Bisphosphonate induced Osteonecrosis of Jaw
Bisphosphonates are notorious to cause necrosis of jaw bones in rare cases. A 48 year old male was on Ibandronate for over 18 months. His right molar tooth cracked and was removed subsequently. The operation wound did not heal and developed infection. This required another extensive debridement surgery after 2 months. The wound is still unhealed at the end of 4 months.
Bisphosphonates are drugs used in treatment of osteoporosis, cancers and a few other rheumatology conditions. There is increased incidence of jaw necrosis in patients on low dose bisphosphonates although no definitive causal link is established as yet. The overall incidence appears to be 1 in over 10000 patient years. Dental trauma and surgery, poor oral hygiene and long term high dose intravenous (as in cancer therapy) use of bisphosphonates are some of the risk factors for development of osteonecrosis. Patients on these drugs must maintain a good oral hygiene and inform their dentists about use of these drugs before use of any dental procedure.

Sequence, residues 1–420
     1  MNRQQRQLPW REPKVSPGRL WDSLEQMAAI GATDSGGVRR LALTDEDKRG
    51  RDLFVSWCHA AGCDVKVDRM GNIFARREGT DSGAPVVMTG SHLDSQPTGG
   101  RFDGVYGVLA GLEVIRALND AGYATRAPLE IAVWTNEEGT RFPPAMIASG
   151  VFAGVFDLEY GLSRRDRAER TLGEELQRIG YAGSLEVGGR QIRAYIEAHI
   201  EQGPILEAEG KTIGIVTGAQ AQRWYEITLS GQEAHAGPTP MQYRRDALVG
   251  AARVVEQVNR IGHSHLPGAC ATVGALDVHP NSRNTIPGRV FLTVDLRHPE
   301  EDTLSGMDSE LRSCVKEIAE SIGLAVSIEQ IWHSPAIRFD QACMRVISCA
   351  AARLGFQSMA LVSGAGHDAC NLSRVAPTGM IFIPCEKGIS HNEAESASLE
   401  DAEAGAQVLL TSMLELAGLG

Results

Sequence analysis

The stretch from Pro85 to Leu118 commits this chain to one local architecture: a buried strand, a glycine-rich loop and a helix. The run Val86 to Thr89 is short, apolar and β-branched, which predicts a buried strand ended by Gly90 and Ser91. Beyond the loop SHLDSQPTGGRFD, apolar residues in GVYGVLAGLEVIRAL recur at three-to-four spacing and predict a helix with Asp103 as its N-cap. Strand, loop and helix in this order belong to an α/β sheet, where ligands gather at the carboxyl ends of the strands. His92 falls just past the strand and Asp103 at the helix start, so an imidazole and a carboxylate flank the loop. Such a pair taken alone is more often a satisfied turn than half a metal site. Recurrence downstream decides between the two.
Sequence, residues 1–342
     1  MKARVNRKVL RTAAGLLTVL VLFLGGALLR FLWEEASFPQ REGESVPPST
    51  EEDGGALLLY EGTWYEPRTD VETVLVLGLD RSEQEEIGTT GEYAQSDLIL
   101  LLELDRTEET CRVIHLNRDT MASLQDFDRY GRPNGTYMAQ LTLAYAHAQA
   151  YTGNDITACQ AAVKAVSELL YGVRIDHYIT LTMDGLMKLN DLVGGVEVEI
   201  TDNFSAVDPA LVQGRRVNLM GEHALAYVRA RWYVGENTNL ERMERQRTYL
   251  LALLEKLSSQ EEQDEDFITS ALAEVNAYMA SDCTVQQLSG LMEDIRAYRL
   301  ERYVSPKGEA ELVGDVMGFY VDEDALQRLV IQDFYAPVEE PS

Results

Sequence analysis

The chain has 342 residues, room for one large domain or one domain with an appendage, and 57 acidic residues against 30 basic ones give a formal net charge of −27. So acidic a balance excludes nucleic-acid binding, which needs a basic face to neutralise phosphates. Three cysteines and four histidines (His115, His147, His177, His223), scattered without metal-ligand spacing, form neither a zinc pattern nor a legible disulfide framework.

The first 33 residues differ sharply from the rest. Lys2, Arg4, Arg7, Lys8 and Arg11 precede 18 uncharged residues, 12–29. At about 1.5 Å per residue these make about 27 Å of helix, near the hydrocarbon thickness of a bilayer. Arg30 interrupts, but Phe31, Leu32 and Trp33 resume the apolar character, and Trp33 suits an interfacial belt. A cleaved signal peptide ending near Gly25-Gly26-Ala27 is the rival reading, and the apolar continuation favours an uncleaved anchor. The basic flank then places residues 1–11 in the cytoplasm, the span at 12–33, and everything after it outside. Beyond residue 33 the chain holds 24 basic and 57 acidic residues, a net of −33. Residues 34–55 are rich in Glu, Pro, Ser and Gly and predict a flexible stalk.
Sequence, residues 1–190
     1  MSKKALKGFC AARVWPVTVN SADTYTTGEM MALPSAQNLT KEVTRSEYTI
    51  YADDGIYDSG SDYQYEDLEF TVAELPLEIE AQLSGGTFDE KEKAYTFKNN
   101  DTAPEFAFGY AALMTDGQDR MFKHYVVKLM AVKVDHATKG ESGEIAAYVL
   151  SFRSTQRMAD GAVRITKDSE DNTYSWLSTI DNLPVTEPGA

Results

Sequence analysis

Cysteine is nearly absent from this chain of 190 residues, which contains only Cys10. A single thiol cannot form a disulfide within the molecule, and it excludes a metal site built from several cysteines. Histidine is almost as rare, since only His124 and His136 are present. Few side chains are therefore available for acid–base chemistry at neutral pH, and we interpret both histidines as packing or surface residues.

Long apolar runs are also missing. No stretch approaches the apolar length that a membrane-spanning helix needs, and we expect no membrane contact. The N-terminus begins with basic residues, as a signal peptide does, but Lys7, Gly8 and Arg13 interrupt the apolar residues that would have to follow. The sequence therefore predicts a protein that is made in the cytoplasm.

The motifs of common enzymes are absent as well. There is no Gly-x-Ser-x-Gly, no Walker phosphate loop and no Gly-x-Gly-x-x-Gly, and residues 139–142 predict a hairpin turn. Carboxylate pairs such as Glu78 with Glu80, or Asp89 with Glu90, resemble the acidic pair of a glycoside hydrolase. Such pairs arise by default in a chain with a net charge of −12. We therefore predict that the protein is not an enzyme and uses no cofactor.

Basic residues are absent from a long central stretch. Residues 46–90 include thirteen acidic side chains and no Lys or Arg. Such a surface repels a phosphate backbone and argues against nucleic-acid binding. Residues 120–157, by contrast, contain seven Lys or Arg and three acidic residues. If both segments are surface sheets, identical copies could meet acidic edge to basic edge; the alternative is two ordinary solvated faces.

ONJ 1
ONJ 1

ONJ 2
ONJ 2

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